Persistent late payment of rent

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    Persistent late payment of rent

    Quick question for those of you in the know.......bear with me, whilst I give the back-ground:

    Been renting my flat out for over a year, and last year got a tenant in on a 6 monthly AST with no probelems or issues at all.

    At the beginning of this year (2010), when the lease was up for renewal, he signed on the dotted line for a 12 month AST.....

    However, since then my rent has been received late each month - sometimes over 2 weeks or more late.......which is a complete pain, as it's due to be paid at the start of each month to cover my mortgage payment.

    Speaking to the Estate Agent (who manages the property for me), there's not a lot I can do about it, as he's not in arrears.....

    Doing a bit of research, I've seen reference to both S8 and S21 of the Housing Act 1988 - and wondered where I stand in both respects....

    Question 1: S8, Ground 11 gives me the impression that I can give notice to quit due to (continuous) late payment of rent, and that the notice period is 2 weeks.

    Is this something that I'm "allowed" to do, as I'm fed up with this whole renting lark and am looking to now sell my flat?

    Question 2: As as a S21 is concerned, as the AST isn't due to finish until Jan/Feb 2011. Can I issue this now, and ensure that I put the right date for the notice to quit to be enforced (ie day after AST expires). Or do I have to wait until 2 months prior to the AST expiring?

    Many thanks

    #2
    Rental Issues

    I'm afraid it's an increasing problem.

    If you don't want the hassle I suggest you serve them with a notice, but make sure you follow the proper procedures.

    You can't just keep pushing them to pay on time without making a serious move to do something about it.

    IE

    Comment


      #3
      1. Yes. You can serve T with a s.8 Notice on two grounds: g10 (unpaid rent, even though not two months') and g11 (persistent late payment).
      However, these are discretionary. Even if you prove them, the Court has power to agree or disagree with your request for a Possession Order.

      2. You can serve T with a s.21 Notice at any time, even now, and even seek a Possession Order. However, no such Order can take effect earlier than the fixed term's expiry date.
      JEFFREY SHAW, solicitor [and Topic Expert], Nether Edge Law*
      1. Public advice is believed accurate, but I accept no legal responsibility except to direct-paying private clients.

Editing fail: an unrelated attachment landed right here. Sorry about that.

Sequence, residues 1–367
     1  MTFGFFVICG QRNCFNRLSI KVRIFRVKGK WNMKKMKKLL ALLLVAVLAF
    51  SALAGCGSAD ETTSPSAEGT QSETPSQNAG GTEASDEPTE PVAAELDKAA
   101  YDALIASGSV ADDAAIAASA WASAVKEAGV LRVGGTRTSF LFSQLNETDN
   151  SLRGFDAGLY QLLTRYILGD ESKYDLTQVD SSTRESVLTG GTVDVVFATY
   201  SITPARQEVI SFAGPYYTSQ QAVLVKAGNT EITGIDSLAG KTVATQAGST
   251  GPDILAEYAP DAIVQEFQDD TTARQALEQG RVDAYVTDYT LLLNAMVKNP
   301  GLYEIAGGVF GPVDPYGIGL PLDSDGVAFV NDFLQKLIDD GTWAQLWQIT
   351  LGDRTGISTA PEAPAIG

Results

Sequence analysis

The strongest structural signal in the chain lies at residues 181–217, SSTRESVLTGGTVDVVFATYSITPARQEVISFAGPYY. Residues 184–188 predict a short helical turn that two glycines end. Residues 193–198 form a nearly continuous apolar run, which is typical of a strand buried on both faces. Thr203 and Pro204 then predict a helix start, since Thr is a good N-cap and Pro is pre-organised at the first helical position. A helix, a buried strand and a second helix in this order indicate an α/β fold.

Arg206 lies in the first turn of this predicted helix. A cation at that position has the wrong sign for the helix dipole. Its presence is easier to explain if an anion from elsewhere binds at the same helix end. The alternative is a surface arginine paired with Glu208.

2. Telephone advice: see http://www.landlordzone.co.uk/forums/showthread.php?t=34638.
      3. For paid advice about conveyancing/leaseholds/L&T, contact me* and become a private client.
      4. *- Contact info: click on my name (blue-highlight link).

      Comment


        #4
        Originally posted by BigBaldTone
        Question 1: S8, Ground 11 gives me the impression that I can give notice to quit due to (continuous) late payment of rent, and that the notice period is 2 weeks.

        Is this something that I'm "allowed" to do, as I'm fed up with this whole renting lark and am looking to now sell my flat?

        Question 2: As as a S21 is concerned, as the AST isn't due to finish until Jan/Feb 2011. Can I issue this now, and ensure that I put the right date for the notice to quit to be enforced (ie day after AST expires). Or do I have to wait until 2 months prior to the AST expiring?

        Many thanks
        Q1 - Yes but the grounds involving late payment are not mandatory so the action may well fail (broadly down to the whim of the judge, the more of a pattern you can show the more likely success). Having said that depending on the reason that the tenant is paying late, sending a letter before action, or court papers, may be sufficient to encourage him to get his act together.

        Q2 - Yes you can issue it now and if it expires after the AST and any deposit is protected and the relevant information given to the tenant it will be valid for action at that time.

        Comment


          #5
          Remember that a tenant who pays late but regularly is better than one who does not pay at all.

          Comment

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